Wenora Johnson is a 3x Cancer survivor, Research/Patient Advocate and Navy Veteran. Wenora began working closely with the organization Fight Colorectal Cancer (FightCRC) as a Research Advocate following her diagnosis of stage 3b colon cancer in 2011.
As a Lynch syndrome patient, Wenora also advocates for genetic testing and awareness. She serves on various panels and review boards to provide extensive feedback on her role as a patient and research advocate with organizations such as CAP (College of American Pathologist); Clinical Trials Curator for Fight CRC; FORCE (Facing Our Risk of Cancer Empowered) Volunteer and Board Member; a Consumer Reviewer for the DoD Peer Reviewed Cancer Research Program; a PCORI (Patient-Centered Outcomes Research Institute) Ambassador and Clinical Trials Panel Member; CPAT Member for the National Coalition for Cancer Survivorship (NCCS); CMS TEP Panel Member to review Medicare/Medicaid guidelines; AACR Scientist~Survivor Program - presenting a poster on financial toxicities and disparities among minority patients and a National Quality Forum (NQF) Cancer Standing Committee Member. She has written patient advocate blogs and participated as a guest speaker/panelist.
Wenora works in administration in the greater Chicagoland area and enjoys her motorcycle, reading and traveling with her family.
Rhoda Au, PhD, is Professor of Anatomy & Neurobiology, Neurology and Epidemiology at Boston University Schools of Medicine and Public and is a Senior Fellow at the Institute for Health Systems Innovation and Policy at the Questrom School of Business. She also serves as Director of Neuropsychology at the Framingham Heart Study, where she has been using technologies to develop digital cognitive biomarkers as surrogate indices of fluid and imaging biomarkers. She is also focused on building multi-sector ecosystems to enable solutions that move the primary focus of health technologies from precision medicine to a broader emphasis on precision brain health.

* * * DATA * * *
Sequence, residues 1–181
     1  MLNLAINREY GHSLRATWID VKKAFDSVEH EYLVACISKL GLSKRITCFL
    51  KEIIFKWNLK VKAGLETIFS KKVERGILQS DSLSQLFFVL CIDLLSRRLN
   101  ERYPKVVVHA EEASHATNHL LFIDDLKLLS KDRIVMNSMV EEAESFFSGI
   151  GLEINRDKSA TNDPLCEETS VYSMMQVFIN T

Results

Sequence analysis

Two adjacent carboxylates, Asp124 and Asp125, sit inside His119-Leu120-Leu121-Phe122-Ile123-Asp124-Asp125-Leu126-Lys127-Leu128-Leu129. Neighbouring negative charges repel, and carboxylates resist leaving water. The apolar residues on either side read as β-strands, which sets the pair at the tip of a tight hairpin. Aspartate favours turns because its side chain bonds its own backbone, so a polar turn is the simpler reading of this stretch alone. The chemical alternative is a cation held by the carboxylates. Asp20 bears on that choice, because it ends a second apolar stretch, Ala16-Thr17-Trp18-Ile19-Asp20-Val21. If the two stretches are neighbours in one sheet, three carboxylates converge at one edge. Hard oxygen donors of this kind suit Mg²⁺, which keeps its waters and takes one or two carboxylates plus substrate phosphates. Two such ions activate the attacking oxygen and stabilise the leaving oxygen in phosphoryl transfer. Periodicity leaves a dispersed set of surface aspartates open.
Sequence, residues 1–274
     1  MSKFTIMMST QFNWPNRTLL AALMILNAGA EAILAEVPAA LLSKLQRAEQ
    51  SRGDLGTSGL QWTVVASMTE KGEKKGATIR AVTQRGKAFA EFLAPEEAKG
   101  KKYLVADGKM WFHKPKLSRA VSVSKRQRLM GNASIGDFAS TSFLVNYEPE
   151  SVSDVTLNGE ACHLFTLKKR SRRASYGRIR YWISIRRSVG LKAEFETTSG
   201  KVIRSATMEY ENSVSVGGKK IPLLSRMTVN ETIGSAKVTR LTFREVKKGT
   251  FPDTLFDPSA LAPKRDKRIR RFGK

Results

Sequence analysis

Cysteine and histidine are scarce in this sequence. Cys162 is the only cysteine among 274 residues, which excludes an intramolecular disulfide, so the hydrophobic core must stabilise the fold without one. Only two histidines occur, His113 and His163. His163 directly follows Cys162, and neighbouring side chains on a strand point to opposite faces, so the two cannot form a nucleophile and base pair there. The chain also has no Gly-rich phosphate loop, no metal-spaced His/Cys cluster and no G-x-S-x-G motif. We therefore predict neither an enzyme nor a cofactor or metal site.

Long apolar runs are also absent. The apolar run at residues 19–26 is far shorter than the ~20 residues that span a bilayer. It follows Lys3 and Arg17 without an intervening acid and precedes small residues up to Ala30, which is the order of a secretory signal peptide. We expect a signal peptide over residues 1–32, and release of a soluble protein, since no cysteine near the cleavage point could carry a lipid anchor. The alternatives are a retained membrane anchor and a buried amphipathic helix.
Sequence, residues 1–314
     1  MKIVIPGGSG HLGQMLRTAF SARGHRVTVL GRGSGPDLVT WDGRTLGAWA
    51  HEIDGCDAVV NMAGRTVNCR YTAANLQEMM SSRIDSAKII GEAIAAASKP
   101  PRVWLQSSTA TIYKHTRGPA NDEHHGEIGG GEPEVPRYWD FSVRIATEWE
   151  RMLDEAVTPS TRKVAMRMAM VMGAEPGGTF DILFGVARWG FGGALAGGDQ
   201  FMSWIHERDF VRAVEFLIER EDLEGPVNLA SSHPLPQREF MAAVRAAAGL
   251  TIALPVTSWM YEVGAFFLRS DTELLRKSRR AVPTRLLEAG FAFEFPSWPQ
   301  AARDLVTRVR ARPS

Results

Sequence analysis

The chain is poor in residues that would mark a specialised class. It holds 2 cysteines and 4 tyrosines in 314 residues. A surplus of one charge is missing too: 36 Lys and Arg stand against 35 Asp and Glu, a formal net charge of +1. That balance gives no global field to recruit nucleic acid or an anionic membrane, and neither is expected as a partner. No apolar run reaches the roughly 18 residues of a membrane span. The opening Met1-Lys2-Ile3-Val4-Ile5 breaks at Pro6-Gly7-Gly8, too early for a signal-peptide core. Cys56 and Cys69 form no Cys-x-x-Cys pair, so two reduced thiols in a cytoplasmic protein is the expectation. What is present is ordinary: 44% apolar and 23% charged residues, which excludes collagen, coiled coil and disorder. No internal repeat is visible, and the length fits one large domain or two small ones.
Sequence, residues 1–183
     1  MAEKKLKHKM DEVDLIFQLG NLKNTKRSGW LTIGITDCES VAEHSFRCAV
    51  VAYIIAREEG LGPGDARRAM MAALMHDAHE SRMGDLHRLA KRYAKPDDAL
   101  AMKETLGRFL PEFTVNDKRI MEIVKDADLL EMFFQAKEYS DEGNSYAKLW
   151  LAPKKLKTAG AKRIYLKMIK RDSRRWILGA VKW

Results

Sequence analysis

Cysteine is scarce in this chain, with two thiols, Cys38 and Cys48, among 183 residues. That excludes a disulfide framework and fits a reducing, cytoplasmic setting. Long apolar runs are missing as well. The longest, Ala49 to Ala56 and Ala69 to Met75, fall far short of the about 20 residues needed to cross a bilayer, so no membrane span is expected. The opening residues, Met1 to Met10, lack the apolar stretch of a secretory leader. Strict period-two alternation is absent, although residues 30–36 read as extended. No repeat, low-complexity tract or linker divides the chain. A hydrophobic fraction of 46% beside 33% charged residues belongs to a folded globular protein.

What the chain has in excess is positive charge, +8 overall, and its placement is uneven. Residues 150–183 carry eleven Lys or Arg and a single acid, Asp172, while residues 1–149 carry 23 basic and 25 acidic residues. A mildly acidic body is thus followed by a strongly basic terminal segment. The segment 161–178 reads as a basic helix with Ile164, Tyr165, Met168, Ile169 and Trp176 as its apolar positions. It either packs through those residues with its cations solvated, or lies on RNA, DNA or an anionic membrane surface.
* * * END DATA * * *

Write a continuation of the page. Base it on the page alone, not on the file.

Pavan Bhargava, MD, is an Assistant Professor of Neurology at the Johns Hopkins University School of Medicine and a member of the Johns Hopkins Multiple Sclerosis Precision Medicine Center of Excellence. Prior to his current appointment, he completed a Neuroimmunology fellowship at the Johns Hopkins University supported by a Sylvia Lawry physician fellowship from the NMSS. His research interests include utilizing a variety of techniques to identify new diagnostic and prognostic biomarkers and to better understand the pathogenesis of MS. He has utilized metabolomics and lipidomics to identify new potential biomarkers of MS disease activity and is currently involved in multiple projects studying the utility of extracellular vesicle based approaches for identifying biomarkers of CNS inflammation and neurodegeneration. These approaches will allow for more individualized interventions targeting the metabolome and gut microbiome and allow precise monitoring of disease progression and treatment response.
He has authored over 50 papers in journals such as Science, Journal of Clinical Investigation, Brain, Neurology and the Annals of Neurology. His work is funded by multiple agencies including the National MS society, Race to Erase MS, American Academy of Neurology, Department of Defense, and the Conrad N Hilton foundation. He has received a John F. Kurtzke Clinician Scientist Development award from the American Academy of Neurology, the Marilyn Hilton Award for Innovation in MS from the Conrad Hilton Foundation and was recently named a Harry Weaver Neuroscience Scholar of the National MS Society.